Fraudsters use dead people to claim millions in tax scam
In a case that might make Haley Joel Osment blush, a group of New York tax preparers have allegedly been caught using dead people to claim millions in tax refunds.
According to the city’s local NBC affiliate, 26 Bronx and Manhattan people claimed “the bulk” of about $95 million in refunds since 2001 by listing deceased Yankees as dependents and collecting the cash themselves.
The bizarre case, dubbed a “criminal twist on the old proverb about death and taxes” by Manhattan’s U.S. Attorney, has also been called the “largest coordinated takedown of tax preparers in history.”
Check out NBC New York’s article on the story here. There’s a lot to like for comedy’s sake:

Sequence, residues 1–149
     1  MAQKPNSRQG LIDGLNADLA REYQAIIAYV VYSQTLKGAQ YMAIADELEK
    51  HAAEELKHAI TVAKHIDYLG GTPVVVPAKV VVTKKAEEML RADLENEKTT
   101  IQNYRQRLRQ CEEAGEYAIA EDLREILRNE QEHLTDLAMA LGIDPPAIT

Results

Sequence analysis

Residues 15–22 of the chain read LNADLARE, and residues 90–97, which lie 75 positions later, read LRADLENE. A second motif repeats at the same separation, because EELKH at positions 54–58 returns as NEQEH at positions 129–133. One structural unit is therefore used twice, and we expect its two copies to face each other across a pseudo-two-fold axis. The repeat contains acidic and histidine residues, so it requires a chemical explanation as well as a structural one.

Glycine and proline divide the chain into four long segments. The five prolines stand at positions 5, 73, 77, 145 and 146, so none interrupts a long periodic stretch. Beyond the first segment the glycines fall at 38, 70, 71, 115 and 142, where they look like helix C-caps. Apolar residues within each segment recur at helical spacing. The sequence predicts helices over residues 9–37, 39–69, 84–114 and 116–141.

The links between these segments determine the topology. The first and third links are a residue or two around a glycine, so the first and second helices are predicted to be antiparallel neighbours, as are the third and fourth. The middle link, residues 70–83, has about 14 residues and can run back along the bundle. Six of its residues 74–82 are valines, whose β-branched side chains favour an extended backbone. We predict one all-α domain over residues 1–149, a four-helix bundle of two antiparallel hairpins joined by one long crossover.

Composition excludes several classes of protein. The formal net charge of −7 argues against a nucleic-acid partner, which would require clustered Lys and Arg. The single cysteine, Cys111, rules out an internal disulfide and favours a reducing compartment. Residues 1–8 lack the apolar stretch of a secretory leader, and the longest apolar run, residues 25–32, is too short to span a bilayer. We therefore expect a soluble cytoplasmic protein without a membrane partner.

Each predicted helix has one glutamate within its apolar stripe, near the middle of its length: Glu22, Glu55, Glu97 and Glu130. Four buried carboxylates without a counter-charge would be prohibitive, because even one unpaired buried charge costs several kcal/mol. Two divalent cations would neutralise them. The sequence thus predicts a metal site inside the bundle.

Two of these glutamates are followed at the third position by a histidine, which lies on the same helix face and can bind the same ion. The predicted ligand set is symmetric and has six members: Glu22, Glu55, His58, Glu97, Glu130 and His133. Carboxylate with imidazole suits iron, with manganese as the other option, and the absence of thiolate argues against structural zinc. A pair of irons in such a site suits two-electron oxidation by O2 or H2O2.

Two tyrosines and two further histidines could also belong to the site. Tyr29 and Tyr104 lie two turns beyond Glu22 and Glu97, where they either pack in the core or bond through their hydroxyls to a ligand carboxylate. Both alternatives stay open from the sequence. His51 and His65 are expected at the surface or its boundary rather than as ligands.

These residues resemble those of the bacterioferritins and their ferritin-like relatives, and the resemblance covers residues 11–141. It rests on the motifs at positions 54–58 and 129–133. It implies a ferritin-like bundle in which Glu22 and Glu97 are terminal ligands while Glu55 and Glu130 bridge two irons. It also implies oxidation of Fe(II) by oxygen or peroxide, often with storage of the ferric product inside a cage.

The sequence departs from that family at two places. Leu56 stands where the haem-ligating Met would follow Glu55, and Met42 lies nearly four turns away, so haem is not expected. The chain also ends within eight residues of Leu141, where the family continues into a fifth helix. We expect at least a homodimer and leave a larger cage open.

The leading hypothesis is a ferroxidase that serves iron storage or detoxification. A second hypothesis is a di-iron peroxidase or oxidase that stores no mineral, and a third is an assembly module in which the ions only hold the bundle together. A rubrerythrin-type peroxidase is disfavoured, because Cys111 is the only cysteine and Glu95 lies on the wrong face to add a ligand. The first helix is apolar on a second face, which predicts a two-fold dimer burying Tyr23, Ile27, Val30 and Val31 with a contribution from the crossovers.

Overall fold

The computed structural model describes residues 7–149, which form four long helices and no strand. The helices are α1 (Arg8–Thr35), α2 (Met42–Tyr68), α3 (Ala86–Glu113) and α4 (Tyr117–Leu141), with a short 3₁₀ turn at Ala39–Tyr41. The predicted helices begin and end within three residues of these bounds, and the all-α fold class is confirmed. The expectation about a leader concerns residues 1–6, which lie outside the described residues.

1. The IRS naming the New York sting “Operation Brass Tax”
2. The fraudster’s plot closely resembling that Simpsons episode where Sideshow Bob uses dead voters to elect him Mayor of Springfield
But when the jokes run out, this is still a major case of tax fraud, a serious issue that always gains steam this time of year.
Canadians, of course, are no stranger to tax fraud cases, notably falling victim to a $1.4 billion charitable receipts scheme in 2007.
And there’s even a serious one going on now, a phishing con in Saskatchewan that prompts would-be victims to enter financial info in an apparently legit email claiming to be from the Canadian Revenue Agency (CRA).
Remember, the CRA would never have you send in any personal info via email, so never oblige. That’s how the scammers get you.
By Jason Buckland, MSN Money